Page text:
“I always felt he was ticking time bomb,” Lieberman said. After the Sept. 11 attacks on the United States, Lieberman remarked, “I said to myself even more deeply I don’t want to wake up some day… after Saddam Hussein takes some action to hurt and kill Americans and say ‘why didn’t we knock him over when we could have?’”
When MSNBC's Chris Matthews asked Dean two weeks ago whether Saddam, if captured, should be tried and put to death, Dean replied, "we are allowing the Bosnian war criminals to be tried at The International Court in The Hague. That suits me fine. As long as they're brought to justice and tried, and so far we haven't had to have that discussion because the president has not been able to find either one (Saddam or Osama bin Laden)."
But Lieberman said Sunday, "this evil man has to face the death penalty. The International Tribunal at The Hague can not order the death penalty.”
Saddam was, Lieberman noted, “a homicidal maniac, a brutal dictator, he wanted to dominate the Arab world and was supporting terrorists. He caused the deaths of more than a million people, including now 460 Americans who went to overthrow him.”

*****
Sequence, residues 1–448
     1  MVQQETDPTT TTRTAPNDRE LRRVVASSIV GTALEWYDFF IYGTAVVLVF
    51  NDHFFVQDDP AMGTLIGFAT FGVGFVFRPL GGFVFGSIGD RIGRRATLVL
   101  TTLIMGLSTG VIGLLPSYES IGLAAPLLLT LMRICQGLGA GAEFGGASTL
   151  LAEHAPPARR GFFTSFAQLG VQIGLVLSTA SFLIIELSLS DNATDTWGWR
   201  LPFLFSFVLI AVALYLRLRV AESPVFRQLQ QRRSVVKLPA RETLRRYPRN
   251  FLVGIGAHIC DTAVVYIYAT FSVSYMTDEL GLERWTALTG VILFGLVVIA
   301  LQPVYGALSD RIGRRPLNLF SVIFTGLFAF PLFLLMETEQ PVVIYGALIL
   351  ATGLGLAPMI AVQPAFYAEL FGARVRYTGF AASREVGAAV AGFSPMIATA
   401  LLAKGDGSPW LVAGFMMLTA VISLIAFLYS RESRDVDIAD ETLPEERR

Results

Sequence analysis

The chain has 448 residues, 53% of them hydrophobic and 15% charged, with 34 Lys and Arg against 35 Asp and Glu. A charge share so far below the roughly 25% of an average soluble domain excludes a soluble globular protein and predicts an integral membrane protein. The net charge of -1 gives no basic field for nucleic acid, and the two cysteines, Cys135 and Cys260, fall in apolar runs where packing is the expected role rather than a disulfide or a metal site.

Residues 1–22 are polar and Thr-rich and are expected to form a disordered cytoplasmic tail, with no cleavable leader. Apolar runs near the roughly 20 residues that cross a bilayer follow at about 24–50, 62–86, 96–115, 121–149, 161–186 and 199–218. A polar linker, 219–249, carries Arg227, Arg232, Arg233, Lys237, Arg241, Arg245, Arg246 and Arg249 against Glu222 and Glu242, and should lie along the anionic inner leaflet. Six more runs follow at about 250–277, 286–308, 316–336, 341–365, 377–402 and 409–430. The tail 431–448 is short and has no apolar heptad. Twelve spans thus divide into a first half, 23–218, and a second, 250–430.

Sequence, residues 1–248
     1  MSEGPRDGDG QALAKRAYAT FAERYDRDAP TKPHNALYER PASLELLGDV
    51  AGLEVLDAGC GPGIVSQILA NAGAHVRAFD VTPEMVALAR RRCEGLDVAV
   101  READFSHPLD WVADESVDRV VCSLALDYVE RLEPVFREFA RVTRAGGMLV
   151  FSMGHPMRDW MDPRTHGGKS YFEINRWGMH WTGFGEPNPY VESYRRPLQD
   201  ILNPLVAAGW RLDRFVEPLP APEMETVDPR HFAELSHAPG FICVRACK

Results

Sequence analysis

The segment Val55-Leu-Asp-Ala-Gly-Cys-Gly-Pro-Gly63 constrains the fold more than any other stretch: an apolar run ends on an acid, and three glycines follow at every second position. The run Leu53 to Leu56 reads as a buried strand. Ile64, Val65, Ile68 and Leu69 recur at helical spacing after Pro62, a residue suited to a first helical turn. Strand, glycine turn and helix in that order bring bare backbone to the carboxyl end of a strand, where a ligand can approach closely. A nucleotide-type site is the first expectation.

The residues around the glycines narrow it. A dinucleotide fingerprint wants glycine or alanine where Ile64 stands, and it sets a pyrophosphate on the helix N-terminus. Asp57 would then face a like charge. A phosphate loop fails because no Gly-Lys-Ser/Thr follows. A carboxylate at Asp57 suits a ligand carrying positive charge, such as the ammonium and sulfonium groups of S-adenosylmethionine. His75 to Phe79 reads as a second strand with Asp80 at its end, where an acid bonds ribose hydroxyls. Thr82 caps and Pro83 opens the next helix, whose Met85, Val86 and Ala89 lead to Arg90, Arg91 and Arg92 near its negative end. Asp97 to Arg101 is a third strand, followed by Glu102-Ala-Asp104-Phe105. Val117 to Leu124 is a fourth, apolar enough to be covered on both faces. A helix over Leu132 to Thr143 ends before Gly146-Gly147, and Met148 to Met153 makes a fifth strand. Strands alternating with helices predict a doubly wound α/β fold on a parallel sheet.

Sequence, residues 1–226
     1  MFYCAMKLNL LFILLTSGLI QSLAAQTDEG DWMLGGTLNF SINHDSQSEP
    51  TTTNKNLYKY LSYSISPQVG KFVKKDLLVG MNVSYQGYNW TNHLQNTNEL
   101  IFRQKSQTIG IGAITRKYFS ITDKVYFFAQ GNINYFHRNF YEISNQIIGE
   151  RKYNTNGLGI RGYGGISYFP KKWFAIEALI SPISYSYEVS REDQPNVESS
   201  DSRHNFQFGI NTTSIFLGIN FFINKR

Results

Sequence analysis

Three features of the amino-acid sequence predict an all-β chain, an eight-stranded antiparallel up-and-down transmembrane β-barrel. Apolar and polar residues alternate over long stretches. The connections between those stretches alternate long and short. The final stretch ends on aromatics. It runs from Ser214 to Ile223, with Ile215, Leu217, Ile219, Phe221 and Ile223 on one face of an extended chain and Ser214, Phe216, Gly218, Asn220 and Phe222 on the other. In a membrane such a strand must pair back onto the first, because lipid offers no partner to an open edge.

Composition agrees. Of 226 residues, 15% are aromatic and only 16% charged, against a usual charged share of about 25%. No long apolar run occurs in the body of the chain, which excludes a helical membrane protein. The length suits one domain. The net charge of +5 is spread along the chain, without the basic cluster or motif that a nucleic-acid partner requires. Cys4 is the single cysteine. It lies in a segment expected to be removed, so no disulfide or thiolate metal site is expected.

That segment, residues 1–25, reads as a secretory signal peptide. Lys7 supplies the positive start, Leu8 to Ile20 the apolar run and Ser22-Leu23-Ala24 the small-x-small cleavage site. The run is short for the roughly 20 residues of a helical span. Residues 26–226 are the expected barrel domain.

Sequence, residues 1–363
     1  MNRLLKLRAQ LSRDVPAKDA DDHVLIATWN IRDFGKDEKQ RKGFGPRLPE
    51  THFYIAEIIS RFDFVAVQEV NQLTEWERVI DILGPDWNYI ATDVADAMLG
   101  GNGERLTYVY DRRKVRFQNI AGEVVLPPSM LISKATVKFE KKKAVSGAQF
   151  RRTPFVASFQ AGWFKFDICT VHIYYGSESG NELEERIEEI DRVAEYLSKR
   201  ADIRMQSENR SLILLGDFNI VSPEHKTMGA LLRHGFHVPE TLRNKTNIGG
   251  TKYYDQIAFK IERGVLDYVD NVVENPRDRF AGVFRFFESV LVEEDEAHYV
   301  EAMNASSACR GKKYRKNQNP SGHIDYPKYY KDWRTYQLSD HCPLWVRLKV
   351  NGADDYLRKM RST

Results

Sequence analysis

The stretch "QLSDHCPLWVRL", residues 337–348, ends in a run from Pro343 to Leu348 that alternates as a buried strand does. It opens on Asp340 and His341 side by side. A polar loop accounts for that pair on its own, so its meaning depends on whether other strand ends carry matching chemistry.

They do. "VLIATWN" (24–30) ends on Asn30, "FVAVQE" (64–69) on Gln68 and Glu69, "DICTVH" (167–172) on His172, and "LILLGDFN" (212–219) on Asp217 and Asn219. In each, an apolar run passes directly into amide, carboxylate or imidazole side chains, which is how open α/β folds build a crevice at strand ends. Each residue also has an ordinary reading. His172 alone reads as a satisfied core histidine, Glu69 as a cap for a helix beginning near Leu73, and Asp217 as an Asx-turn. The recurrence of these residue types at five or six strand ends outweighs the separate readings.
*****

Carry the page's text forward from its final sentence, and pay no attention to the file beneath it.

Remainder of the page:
Speaking to reporters Sunday, Dean said, "This is a great day of pride in the American military, a great day for the Iraqis and a great day for the American people and, frankly, a great day for the administration. I think President Bush deserves a day of celebration. We have our policy differences, but we won't be discussing those today. I think he deserves a day to celebrate as well."
In a twist of fate, Saddam’s capture came just one day before Dean was scheduled to deliver his first major national security address since becoming the undisputed front runner in the Democratic field.
In a memo sent out to reporters just a few hours before Saddam’s capture, the Dean campaign previewed Monday’s speech saying “he will charge that advocates of a go-it-alone approach in the current administration ‘are leading America in a radical and dangerous direction.’”
Dean is also set to introduce his key foreign policy and military advisors Monday.